|Nozizwe W. Ntesang|
In Botswana, we are fortunate to have never experienced conflict in the sense that is synonymous with wars (as is the case in other African countries.) My analysis of this topic therefore will be at a micro-level.
There are various kinds of conflict that I've encountered, the first one being a Gender conflict. This is perpetuated by the patriarchal nature of our culture as Batswana. Examples of such are the belief that a man is not to be questioned by his wife/held accountable for actions, the belief that a man is entitled to extra-marital affairs which he shan't be quizzed on either, "monna ke selepe o a adimanwa," amongst many others.
This cultural stance causes a lot of conflict within Batswana homes because it gives men the upper hand in a marriage as opposed to the spouses being equals within their home. It also breeds an attitude of an impunity in men which is not a desirable trait in conflict resolution. In a country with plummeting HIV/AIDS infection rates, such attitudes serve to only excercabate the increase.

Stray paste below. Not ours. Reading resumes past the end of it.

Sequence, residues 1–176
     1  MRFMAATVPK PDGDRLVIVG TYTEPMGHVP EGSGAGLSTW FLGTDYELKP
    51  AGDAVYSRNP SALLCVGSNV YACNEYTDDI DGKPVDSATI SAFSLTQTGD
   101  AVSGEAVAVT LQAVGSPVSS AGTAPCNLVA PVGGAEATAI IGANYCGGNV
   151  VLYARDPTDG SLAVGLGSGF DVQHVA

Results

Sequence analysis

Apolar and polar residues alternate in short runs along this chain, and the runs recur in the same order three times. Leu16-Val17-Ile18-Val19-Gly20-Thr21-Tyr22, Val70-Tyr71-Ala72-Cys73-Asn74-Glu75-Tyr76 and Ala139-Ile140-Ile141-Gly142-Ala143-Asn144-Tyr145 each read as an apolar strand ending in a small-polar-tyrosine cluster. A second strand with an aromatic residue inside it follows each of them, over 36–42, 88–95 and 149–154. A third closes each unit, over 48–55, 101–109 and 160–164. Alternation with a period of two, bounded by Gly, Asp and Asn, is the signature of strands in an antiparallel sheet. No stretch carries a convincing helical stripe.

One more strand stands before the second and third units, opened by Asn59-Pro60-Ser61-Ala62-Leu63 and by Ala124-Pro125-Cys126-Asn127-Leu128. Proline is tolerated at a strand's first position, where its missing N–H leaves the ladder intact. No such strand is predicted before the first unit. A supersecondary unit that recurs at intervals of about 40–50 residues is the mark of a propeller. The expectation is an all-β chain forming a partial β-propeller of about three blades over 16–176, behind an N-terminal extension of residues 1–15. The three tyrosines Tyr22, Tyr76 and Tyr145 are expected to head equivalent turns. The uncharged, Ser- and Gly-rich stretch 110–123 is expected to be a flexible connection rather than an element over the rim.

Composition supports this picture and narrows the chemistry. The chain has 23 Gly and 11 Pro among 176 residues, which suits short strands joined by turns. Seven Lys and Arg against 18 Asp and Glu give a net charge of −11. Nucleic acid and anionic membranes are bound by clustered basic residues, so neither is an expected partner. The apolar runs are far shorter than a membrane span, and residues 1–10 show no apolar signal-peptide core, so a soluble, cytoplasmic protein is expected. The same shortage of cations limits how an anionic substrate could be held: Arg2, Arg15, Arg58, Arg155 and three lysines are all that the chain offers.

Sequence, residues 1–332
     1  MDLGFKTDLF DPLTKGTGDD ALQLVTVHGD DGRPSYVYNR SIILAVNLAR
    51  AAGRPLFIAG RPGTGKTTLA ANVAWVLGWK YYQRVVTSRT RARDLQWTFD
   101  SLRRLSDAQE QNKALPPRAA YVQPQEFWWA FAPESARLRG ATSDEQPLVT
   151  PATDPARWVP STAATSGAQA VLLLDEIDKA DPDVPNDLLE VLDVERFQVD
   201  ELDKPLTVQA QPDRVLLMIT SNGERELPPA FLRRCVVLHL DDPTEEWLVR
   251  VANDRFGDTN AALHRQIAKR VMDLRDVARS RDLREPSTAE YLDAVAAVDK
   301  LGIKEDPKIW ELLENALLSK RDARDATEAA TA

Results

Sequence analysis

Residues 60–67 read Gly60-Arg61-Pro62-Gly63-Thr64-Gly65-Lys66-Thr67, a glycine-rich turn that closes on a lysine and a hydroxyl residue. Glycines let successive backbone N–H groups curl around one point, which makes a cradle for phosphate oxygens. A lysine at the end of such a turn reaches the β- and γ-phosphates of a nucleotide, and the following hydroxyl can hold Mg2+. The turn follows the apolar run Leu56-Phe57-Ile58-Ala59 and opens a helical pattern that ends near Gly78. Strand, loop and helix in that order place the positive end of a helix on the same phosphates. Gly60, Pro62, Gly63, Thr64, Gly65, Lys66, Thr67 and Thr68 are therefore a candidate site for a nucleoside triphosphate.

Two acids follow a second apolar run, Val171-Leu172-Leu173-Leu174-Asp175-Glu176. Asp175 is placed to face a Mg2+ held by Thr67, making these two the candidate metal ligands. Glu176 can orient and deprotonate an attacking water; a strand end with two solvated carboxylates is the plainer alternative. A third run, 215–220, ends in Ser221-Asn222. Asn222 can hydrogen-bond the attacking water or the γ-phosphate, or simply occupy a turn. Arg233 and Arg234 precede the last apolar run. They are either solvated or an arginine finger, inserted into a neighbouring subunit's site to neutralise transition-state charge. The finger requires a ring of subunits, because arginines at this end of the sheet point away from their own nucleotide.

The deadly disease is more often than not also a source of conflict in Botswana. It was only last week that foreign prisoners were granted the right to receive free ARVs (Anti-Retrovital Drugs) like their citizen inmates. Prior to this decision, the unfair treatment towards foreigners caused a lot of hostility as depriving them on the ARVs was an unjust doing which grossly violated their human rights.
The above list is far from exhaustive in so far as conflict is concerned. I took to the streets of Gaborone to hear their views of young Batswana on Conflict.
Read The Interviews Here